Unless otherwise noted, all translations are by Jack Regan

February 22nd, 2005

ελπις και κινδυνος εν ανθρωποισιν ομοιοι.
ουτοι γαρ χαλεποι δαιμονες αμφοτεροι.

Hope and danger in men are similar for they both are harsh gods.

Theognis 637-638 B.C.

February 13th, 2005
A Sailor's Advice

You will live wisely, Licini, if you neither always push on to deep waters nor, while on guard, fearing storms, too closely hug the rocky shore.

Whoever values the "golden mean", safely shuns the dilapidated hovels of poverty as well as the lofty, envy producing palaces.

The giant pine is often shaken by the wind.  Lofty towers fall heavily.  Lightning strikes the highest mountains.

Hopeful in adversity and in good times, mindful of what will follow, is a heart well prepared.

The ugly winter that Jupiter calls back was by him summoned.
If now it is evil, in the future it will not always be so.

Some days , Apollo awakens the silent Muse with his lyre.
He does not always draw the bow.

In narrow straits appear bold and strong and when following winds excessively swell your sails draw them in.

Liber II, Carmina X, Quintius Horatius Flaccus 65 B. C. - 8 B. C.


November 15th, 2004

Carpe Diem

You should not seek to know (it is against divine law)
what end the Gods have decreed for you and me, Leuconoe,
nor dabble in Babylonian numerology.

It is better,what ever it was, to endure it,
whether Jupiter has decreed more winters
or that this be the last that now tires the Tyrrhenum sea against the rocks.

Seize the day, not faint hope for the future.

Liber I, Carmina XI, Quintius Horatius Flaccus 65 B. C. - 8 B. C


July 24th, 2004

"Abscisa servom quid figis, Pontice, lingua?
Nescis tu populum, quod tacet ille, loqui?"

"The servant you hung, Ponticus, why did you cut out his tongue?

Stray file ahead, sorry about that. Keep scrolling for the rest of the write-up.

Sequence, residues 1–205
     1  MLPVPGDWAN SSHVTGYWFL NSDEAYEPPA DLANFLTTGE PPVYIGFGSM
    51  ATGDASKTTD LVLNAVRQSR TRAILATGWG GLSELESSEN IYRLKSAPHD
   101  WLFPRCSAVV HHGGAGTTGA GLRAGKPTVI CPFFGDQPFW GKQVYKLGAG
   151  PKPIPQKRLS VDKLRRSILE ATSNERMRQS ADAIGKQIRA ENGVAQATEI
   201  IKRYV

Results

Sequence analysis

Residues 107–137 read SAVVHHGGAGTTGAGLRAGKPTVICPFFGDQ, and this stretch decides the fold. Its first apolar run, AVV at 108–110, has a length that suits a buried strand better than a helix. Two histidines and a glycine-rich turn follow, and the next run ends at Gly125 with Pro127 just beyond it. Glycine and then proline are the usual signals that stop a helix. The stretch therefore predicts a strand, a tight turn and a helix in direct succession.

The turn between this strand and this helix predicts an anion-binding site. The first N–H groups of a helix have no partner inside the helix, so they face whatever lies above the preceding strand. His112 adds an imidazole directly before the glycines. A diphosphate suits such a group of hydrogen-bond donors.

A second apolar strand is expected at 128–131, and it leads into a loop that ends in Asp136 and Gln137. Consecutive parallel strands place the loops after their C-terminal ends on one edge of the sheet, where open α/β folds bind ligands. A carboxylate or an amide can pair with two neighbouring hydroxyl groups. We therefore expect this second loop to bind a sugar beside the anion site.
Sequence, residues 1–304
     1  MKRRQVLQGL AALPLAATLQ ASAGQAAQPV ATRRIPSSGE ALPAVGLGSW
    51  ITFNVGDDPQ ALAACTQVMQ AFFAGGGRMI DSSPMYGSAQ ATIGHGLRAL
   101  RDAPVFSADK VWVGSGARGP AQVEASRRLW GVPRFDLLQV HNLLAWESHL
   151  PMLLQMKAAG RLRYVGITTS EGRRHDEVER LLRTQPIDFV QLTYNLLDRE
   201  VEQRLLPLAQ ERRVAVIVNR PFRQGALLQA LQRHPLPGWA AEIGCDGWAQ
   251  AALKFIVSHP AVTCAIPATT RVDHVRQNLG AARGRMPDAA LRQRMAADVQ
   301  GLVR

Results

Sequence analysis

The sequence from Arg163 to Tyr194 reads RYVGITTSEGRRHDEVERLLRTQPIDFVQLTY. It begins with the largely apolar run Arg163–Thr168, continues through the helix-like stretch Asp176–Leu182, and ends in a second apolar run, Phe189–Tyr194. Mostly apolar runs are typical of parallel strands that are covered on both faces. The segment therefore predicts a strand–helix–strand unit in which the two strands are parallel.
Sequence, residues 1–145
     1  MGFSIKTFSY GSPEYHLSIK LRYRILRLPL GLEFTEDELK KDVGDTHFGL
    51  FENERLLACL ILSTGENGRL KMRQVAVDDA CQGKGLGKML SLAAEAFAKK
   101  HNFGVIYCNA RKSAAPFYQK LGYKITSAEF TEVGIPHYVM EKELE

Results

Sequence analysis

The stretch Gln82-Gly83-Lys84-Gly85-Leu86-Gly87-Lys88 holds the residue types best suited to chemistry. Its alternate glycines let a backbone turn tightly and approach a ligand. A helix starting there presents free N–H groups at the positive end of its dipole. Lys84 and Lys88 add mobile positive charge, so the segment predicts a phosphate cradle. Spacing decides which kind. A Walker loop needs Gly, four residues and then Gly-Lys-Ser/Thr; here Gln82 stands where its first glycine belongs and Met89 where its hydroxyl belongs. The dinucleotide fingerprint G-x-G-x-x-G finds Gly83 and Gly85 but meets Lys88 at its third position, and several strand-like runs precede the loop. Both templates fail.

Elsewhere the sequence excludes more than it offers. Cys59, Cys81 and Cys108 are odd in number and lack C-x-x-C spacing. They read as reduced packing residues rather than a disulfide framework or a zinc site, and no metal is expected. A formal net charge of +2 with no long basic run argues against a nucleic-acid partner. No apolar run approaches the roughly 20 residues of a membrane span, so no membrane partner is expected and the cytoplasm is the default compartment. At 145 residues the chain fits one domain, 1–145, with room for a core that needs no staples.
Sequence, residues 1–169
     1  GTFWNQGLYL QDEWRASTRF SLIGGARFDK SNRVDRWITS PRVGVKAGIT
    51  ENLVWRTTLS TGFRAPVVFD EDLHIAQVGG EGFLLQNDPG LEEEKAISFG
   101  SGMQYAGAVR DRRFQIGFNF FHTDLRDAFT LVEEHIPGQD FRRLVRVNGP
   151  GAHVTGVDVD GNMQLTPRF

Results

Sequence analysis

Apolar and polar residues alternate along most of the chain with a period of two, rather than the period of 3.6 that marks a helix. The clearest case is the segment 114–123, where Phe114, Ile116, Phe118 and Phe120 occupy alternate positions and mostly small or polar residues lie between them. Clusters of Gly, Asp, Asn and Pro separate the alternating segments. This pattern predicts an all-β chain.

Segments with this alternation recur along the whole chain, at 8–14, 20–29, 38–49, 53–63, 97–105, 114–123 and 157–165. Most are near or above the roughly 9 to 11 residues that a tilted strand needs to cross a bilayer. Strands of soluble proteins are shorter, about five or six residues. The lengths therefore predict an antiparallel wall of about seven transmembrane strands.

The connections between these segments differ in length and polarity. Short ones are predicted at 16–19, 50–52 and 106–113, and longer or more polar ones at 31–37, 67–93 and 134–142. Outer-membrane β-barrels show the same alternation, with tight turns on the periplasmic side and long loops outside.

Don't you know that, because he is silent, the people speak?"

Liber II, LXXXII, Martialis, 40 - 104 A. D.

July 12th, 2004

"Nihil Sub Sole Novum"

"There is nothing new under the sun." Ecclesiastes - 1st century A. D.
July 2nd, 2004

"Question Authority."

A sixties bumper sticker. Late 20th century A. D.

Cicero, in the 1st century B. C. after describing how he had been rigorously studying
the Greek and Latin philosophers (read authorities/experts) had this to say......

     Those, however, who seek what we ourselves think of every thing, show more curiosity than is necessary. For, truly, in argument it is not authority, but the weight of reason that should be sought. Indeed, even the authority of those men, who profess to teach, is for the most part an obstacle to those wishing to learn, for they cease to apply their own judgment. They consider it confirmed, what they have seen decided by the teachers they have accepted. Nor, however, am I accustomed to approve what we have heard of the Pythagoreans, who, when they affirmed in argument and were asked why it was so, were allowed to respond ”He himself said it”. Himself, of course was Pythagoras. So great was the power of prejudice, that even without reason, authority would prevail.

De Natura Deorum, Cicero, 106-43 B.C
Translated by Jack Regan and Vajra Regan


May 18th, 2004

"Heus, non fit sine periclo facinus magnum nec memorabile."

"Ahh! A great or memorable deed does not come to pass without danger."

Terenetius, 185 - 159 B.C. Heauton, Act 2, 314.


March 22nd, 2004

"Quid enim est stultius quam icerta pro certis habere, falsa pro veris?"

Truly, what is more foolish than to have uncertain for certain and false for true?

Cicero , 106-43 B.C.
February 25th, 2004

"Nihil est in intellectu quod non fuerit in sensu."

"Nothing is in the mind which was not in the senses"

John Locke , 1632-1704


February 2nd, 2004

In a time when religious wars have raised their specter once again, the words of Lucretius come to mind.

"...tantum religio potuit suadere malorum."

"...only religion was able to persuade to (such) evil."

Lucretius , c. 99 - c. 55 BCE, De Rerum Natura 1.101

The quote follows a description of a politician/general's sacrifice of his daughter to the gods in exchange for victory in war!